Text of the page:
ICON Energy (ASX:ICN) has been forced to call a shareholder meeting to vote on whether it should pay the company's former company secretary more money on top of his termination settlement.
The move comes as Ross Mallett, who was also Icon Energy's legal counsel, threatened to sue the Gold Coast-based gas explorer for what he is claiming are unpaid entitlements under the terms of his original contract.
Mallett's position as legal counsel at the company was abolished in May due to a restructuring at the executive level by Icon aimed at reducing costs. He had been with the company for three years.
Icon is understood to have paid Mallett a severance package, details of which have not been disclosed. It is not clear how much more he is seeking from Icon.
Under corporate law, severance pay can total up to one year's salary based on an average pay rate calculated over the preceding three years. A company cannot pay more than this without shareholder approval.
Company records show that Mallett had a base salary of about $294,000 in the 2014 financial year.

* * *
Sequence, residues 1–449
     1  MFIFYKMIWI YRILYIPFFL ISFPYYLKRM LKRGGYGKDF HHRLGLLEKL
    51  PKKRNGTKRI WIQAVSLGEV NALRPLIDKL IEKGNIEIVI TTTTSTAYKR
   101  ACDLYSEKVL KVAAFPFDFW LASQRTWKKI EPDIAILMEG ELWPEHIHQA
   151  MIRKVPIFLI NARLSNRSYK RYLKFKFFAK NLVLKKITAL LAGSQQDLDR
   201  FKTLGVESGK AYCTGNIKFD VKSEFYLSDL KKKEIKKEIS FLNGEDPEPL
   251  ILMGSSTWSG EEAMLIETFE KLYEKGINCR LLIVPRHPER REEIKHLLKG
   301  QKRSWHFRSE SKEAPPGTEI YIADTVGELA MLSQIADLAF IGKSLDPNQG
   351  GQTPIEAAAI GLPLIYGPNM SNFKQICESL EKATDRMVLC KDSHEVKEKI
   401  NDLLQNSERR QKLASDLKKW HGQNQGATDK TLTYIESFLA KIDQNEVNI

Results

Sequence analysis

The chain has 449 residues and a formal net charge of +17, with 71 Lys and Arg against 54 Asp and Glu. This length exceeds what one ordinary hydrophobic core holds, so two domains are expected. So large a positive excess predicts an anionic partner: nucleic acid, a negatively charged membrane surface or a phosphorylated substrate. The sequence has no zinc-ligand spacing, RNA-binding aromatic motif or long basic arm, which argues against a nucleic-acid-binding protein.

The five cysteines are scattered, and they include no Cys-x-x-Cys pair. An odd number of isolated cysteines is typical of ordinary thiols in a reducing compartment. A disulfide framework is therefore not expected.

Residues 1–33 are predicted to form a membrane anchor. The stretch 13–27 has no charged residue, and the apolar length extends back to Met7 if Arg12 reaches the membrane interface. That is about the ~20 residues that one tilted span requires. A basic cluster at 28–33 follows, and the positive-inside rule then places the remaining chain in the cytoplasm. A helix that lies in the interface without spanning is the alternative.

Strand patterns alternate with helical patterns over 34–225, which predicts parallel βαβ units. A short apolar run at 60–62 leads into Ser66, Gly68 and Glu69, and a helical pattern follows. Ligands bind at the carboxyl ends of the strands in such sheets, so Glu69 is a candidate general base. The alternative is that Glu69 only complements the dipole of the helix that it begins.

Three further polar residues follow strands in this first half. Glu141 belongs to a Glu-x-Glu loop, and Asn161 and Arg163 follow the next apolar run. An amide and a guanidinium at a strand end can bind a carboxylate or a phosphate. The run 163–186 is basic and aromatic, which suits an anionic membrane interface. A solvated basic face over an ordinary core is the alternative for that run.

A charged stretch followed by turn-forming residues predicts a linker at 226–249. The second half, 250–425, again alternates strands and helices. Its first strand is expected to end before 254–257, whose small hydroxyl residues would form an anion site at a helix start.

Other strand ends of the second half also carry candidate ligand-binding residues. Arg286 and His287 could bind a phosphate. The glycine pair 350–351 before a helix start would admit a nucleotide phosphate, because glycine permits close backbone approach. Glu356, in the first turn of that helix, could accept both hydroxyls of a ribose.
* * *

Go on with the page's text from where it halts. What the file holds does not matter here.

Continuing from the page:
Icon Energy managing director Ray James says he cannot comment on the matter beyond what has been included in a statement released to the ASX this morning.
"Under the Corporations Act, the company must seek approval from shareholders for the payment of any termination benefits which are claimed over and above those payments already made to Mr Mallett in accordance with the relevant section of the Act," says the company in the statement to the ASX.
"Mr Mallett has, on two occasions, asserted that he will sue the company for breach of contract for those contractual entitlements, the quantum of which exceeds the limit set under the Corporations Act."
Icon has called for the meeting to be held at its Broadbeach Waters headquarters on August 17.
It is understood Mallet could still sue Icon should shareholders vote against further payment to him, although he will be up against changes brought to the Corporations Act in 2010 by former Prime Minister Julia Gillard.
The changes were aimed at shaking up the golden handshake previously offered to key company executives who were vacating their roles.
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